WPBT2's Star Gazers

Episode #12-15 "Venus in Transit"
Air Dates April 9 - April 15, 2012



FIVE MINUTE EPISODE SCRIPT
DEAN: Hey there Star Gazers.  I'm Dean Regas, astronomer for the Cincinnati Observatory.

JAMES: And I'm James Albury, director of the Kika Silva Pla planetarium in Gainesville, Florida.  We're here to help you find your way around the sky tonight.  Hey Dean, do you remember where you were exactly 8 years ago? 

DEAN: Hmmm, probably looking at the planet Venus.  Venus and the earth share an interesting synchronicity.  For every 8 times the earth revolves around the sun, Venus completes almost exactly 13 circuits of the sun.

JAMES: That means that every 8 years, Venus returns to almost the same exact place in the sky.  And eight years ago this June, Venus did something no living person had seen before.  Something that will happen only one more time in the next 100 years. 

DEAN: Get your calendars out, because we're going to tell you when you can see the transit of Venus!

(STOP DROP)

JAMES: Okay, we have our sky set to any night this week facing west at 9 pm.  The sun has just set and the brighter stars are coming out.

DEAN: But not all of these night lights are stars.  Look quickly after 9 pm in the west to spy the giant planet Jupiter.  Jupiter will be riding off into the sunset soon when it will actually go behind the sun.  Jupiter will then pop up in the morning sky in late June. 

JAMES: Up a little higher in the west you'll find dazzling Venus.  People often mistake Venus for a low-flying airplane or a UFO.  But there's nothing unidentified about Venus.  You simply can't miss it.  Venus is named for the Roman goddess of beauty, and with just one look you can see why she garnered so much attention.

DEAN: 400 years ago the famous astronomer from Pisa, Italy, Galileo, aimed his small telescope at Venus and saw something startling.  Venus was not a pinpoint like a star, and definitely not a perfect disc like Jupiter.  Over the next few months, Galileo sketched what he saw.  Check this out, Venus not only went through phases like the moon, but it also got bigger in the telescope as it appeared more like a crescent!  This was the first proof that planets orbited the sun.  Why, you ask?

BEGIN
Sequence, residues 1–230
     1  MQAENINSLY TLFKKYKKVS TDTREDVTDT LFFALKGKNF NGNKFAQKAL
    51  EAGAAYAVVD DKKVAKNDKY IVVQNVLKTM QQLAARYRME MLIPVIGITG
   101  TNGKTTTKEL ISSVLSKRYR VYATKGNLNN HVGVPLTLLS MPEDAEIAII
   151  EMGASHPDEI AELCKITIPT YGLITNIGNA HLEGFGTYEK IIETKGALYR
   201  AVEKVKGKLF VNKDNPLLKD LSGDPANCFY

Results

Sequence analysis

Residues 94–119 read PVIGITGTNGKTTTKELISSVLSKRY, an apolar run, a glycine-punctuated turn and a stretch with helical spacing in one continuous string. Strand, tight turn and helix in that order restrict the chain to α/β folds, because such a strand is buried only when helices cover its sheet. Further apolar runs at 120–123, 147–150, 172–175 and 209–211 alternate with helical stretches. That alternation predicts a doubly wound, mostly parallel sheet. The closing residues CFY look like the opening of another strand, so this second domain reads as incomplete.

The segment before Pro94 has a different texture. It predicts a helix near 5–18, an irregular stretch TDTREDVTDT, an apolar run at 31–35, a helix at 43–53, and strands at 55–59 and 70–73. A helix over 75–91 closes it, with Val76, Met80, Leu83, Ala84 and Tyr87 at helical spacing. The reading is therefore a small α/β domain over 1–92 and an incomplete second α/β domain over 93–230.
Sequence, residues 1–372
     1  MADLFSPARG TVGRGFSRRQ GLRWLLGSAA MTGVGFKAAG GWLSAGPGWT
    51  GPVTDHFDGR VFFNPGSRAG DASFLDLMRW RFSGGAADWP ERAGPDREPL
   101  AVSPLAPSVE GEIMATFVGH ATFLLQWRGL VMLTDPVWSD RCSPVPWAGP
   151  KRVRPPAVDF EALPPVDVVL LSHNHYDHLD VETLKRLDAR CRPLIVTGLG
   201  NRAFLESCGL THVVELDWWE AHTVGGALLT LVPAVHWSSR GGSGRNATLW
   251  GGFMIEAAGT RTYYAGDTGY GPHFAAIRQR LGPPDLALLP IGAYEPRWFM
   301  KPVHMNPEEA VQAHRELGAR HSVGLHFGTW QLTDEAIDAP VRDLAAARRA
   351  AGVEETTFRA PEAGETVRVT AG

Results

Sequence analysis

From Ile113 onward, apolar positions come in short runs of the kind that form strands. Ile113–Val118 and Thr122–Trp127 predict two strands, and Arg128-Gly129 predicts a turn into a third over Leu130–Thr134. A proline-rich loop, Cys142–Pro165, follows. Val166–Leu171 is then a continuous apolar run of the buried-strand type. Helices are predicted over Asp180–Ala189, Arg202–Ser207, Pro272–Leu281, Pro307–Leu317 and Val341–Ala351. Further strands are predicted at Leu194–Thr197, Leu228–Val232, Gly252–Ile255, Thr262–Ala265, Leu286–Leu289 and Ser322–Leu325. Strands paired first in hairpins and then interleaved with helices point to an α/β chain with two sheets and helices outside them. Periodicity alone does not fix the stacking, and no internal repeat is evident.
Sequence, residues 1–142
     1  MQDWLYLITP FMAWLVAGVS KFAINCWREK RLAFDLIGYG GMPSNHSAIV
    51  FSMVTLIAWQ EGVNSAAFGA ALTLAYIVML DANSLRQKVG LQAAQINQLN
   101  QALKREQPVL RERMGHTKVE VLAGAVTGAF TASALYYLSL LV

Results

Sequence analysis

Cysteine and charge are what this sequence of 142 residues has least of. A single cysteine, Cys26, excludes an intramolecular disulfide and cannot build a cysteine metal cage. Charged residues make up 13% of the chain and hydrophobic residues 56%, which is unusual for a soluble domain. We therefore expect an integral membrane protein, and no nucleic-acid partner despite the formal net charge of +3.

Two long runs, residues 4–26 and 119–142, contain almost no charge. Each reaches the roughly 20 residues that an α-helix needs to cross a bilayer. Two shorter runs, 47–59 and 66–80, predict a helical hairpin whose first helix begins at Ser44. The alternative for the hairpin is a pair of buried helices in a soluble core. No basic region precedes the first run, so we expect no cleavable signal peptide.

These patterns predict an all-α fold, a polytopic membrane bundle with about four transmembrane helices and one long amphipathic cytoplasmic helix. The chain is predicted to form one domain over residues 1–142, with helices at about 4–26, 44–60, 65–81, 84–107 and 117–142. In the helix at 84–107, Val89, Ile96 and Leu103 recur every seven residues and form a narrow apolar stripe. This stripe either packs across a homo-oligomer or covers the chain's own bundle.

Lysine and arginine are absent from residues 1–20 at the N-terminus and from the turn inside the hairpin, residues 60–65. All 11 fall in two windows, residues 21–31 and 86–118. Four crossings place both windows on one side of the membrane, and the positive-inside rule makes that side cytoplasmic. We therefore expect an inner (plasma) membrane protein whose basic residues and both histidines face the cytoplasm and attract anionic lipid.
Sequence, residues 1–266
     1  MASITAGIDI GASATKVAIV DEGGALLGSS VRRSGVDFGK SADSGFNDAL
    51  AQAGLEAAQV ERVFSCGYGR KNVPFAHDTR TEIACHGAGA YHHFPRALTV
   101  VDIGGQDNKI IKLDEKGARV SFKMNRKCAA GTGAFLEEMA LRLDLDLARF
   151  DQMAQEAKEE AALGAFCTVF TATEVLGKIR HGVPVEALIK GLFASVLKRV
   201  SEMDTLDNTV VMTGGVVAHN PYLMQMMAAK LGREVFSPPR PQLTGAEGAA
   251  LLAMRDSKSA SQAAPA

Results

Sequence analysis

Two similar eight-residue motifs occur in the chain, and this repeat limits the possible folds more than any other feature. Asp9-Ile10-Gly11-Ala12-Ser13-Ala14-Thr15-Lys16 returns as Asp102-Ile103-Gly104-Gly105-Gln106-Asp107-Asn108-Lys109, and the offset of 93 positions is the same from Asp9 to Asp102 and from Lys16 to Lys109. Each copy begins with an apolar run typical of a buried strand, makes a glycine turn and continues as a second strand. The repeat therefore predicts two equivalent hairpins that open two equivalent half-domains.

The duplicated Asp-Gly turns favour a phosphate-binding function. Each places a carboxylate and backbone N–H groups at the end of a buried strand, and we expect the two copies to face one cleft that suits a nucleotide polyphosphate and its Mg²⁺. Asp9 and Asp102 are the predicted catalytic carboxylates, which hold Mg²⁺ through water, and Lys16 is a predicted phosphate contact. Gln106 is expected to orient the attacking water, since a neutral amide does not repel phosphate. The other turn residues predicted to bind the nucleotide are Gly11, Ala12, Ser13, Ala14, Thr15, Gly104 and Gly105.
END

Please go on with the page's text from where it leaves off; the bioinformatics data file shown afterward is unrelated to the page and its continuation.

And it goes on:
(STOP)

JAMES: Like in April 2004, this month Venus will appear to be halfway lit up in a telescope.

DEAN: A half-Venus.

JAMES: Venus is reflecting the light of the sun coming to us on a 45 degree angle.  So it looks half-lit.  As the days go on, Venus will catch up to the earth in our orbit around the sun.  That means Venus will get closer and closer to us…

DEAN: while the sunny side of Venus will be pointed more and more away from us.  Then the phase of Venus will look more like a crescent.  Here is Venus on May 5th…and again on May 20th.  Notice that it's appearing to get bigger too, as it gets closer?  This can only happen if Venus orbits the sun!

JAMES: The culmination of this déjà vu-from-2004 will come on the evening of June 5, 2012, when Venus will be directly between the earth and the sun.  This transit of Venus will appear like a tiny black dot going in front of the sun - an eclipse in miniature.  The same thing happened on June 8, 2004. 

DEAN: There'll be a little black spot on the sun that day…

JAMES: One slight problem: you can't look directly at the transit of Venus without protection.  I mean you're still looking right at the sun and that will definitely damage your eyes.

DEAN: There are a number of safe ways to look at the sun, but all require varying degrees of investment and research.  Don't take chances when looking at the sun.  Contact your local planetarium, observatory, or amateur astronomy group because chances are they'll be having a transit-watching party with safe solar telescopes and would love to have you join! 

JAMES: What's the big deal?  Won't this transit happen again 8 years from now?

DEAN: Venus returns to almost the same place in the sky every eight years.  But not exactly.  In 2020, the earth, sun, and Venus will almost line up.

JAMES: But almost isn't good enough?

DEAN: Nope, and the next time Venus will go perfectly in front of the sun will be the year 2117!

JAMES: So you better mark your calendars for this transit of Venus on June 5th.

DEAN: But you don't have to wait for June 5th to see the clouded, shrouded goddess of beauty.  You can find Venus blazing in the western sky after sunset - almost exactly where you left her eight years ago. 

BOTH: Keep looking up!

 

Episode #12-15 "Venus in Transit"
Air Dates April 9 - April 15, 2012



ONE MINUTE EPISODE SCRIPT
DEAN: Get out your calendars, because we're going to prepare you for one of the rarest celestial events.

JAMES: Let's show you the transit of Venus!

(STOP DROP)

JAMES: Okay, we have our sky set to any night this week facing west at 9 pm. The sun has just set and the brighter stars are coming out.

DEAN: But not all of these night lights are stars. Look quickly after 9 pm in the west to spy the giant planet Jupiter. 

JAMES: Up a little higher in the west you'll find dazzling Venus. You'll be seeing a lot of her until mid May.

DEAN: Then on June 5th, Venus will pass directly in front of the sun. There'll be a little black spot on the sun that day - an eclipse in miniature.

JAMES: When viewing, always use safe, approved solar filters or contact your local astronomy club to keep your eyesight safe.

DEAN: Please, please, please don't miss this one because the next time Venus will go in front of the sun will be the year 2117! 

BOTH: Keep looking up!

 

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